The Day Diplomacy Died

In our special Memorial Day edition, World Beat is publishing an obituary for Diplomacy, which died prematurely last week after an extended illness.

The last seven years or so were difficult ones for Diplomacy. According to press reports, the mainstay of foreign policy began complaining of chest pains and nausea in 2001. In the lead-up to the Iraq War, Diplomacy sustained several shocks to the system, went into intensive care, and very nearly succumbed. But it was last week that its heart and soul finally gave up after a double-barreled assault by President George W. Bush and his presumptive successor John McCain.

The proximate cause of death was a pair of speeches. President Bush, talking before the Israeli parliament on May 15, declared that “some seem to believe that we should negotiate with the terrorists and radicals, as if some ingenious argument will persuade them they have been wrong all along.” Diplomacy, which had always maintained that negotiating with adversaries was the very lifeblood of international relations, suffered a stroke on hearing the president’s words.

The killing blow, however, came from John McCain. The Republican presidential candidate assailed Diplomacy in an effort to get at Democratic presidential hopeful Barack Obama. According to McCain, Obama doesn’t understand the “basic realities of international relations” because he favors sitting down and talking to people like Raul Castro in Cuba and Mahmoud Ahmadinejad in Iran. McCain’s words, and the possibility that he might bring such an attitude into the White House in 2009, were simply too much for Diplomacy.

Gathered around the deathbed in a last-ditch effort to revive the ailing patient, former secretary of state in the Reagan administration James Baker repeated his assertion from 2006 that “talking to an enemy is not in my view appeasement.” Senator Joe Biden (D-DE) was there as well to give a little pep talk : “This kind of political attack rhetoric masquerading as policy is exactly why we’re in such trouble around the world, why we’re less secure and our adversaries are stronger.” Christopher Hill, the administration’s point person on the nuclear talks with former “evil axis” nation North Korea, phoned in with a tribute to Diplomacy, but the reception was not good and the message probably didn’t get through.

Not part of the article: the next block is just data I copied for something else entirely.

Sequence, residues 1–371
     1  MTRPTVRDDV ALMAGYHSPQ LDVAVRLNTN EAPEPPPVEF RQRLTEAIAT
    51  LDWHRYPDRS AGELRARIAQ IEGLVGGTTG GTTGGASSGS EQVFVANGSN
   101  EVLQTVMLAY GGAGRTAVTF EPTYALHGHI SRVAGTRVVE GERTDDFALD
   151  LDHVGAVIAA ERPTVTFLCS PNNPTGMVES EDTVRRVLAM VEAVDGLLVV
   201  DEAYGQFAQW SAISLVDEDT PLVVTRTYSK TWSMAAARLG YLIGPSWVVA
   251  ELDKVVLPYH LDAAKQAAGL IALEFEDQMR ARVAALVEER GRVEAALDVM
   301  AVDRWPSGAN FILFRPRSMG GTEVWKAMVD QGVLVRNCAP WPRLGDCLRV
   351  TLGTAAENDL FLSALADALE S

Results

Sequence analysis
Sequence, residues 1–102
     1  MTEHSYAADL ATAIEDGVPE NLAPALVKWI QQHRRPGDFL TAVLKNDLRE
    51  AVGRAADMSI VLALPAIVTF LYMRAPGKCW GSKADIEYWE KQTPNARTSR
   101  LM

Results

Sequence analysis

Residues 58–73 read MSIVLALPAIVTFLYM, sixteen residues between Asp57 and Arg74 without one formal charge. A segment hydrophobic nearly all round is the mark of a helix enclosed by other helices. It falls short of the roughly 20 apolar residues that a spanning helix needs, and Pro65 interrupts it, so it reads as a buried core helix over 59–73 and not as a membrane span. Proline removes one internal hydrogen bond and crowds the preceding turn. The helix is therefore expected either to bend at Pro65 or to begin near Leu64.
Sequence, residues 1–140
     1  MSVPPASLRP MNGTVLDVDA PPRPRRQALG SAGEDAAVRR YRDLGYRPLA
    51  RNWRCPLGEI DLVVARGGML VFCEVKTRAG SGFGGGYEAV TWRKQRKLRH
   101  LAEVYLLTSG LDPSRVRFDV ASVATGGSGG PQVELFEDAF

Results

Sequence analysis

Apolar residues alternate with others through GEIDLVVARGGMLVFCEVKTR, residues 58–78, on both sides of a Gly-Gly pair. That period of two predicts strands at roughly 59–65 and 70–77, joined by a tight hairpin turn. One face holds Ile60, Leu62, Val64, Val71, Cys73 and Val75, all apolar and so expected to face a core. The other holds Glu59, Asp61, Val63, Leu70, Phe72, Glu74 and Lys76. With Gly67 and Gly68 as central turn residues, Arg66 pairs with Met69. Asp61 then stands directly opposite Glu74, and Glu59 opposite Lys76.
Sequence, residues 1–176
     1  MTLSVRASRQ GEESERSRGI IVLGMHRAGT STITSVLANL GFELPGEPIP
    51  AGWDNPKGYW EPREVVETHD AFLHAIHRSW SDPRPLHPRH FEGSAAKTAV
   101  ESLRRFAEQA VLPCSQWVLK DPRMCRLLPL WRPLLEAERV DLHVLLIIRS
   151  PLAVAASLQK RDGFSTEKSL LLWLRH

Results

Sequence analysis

These emergency interventions were not enough. Diplomacy stopped breathing, and the president overruled attempts by next of kin in the State Department to invoke extraordinary measures. With Diplomacy out of the way, the Bush administration has given indications that it will attack Iran before the end of the year. In others signs of Diplomacy’s passing, the administration continues to refuse to talk to Syria and maintains its policy of freezing Hamas out of any settlement of the Israeli-Palestinian issue.

Whither Appeasement?

World Beat has been concerned about the health of diplomacy before (Talk to the Hand, July 31, 2007). But that was back when Hilary Clinton, not John McCain, was beating up on Obama for a willingness to use his words rather than throw a tantrum. The unreconstructed militarists inside the Republican Party are making one last bid to coalesce around McCain and continue the dubious Bush legacy of equating diplomacy with appeasement. No, diplomacy is not fully dead yet, any more so than the music really died that day in 1959 when an airplane crash killed Buddy Holly, the Big Bopper, and Richie Valens. But when future historians try to understand how the Bush administration fundamentally altered how the United States relates to the world, they may well point to the 2008 elections and how first Hillary Clinton and then the Bush-McCain duo managed to make diplomacy look like baby-killing.

Politicians like to talk tough. In office, of course, it’s another matter. “Harry Truman negotiated endlessly with the other side during the Korean War,” FPIF contributor Ira Chernus points out in Obama, McCain, and Munich. “His popularity sank not because he negotiated but because the talks brought no end to the war. In the Vietnam War era, Richard Nixon sent Henry Kissinger for talks with the North Vietnamese.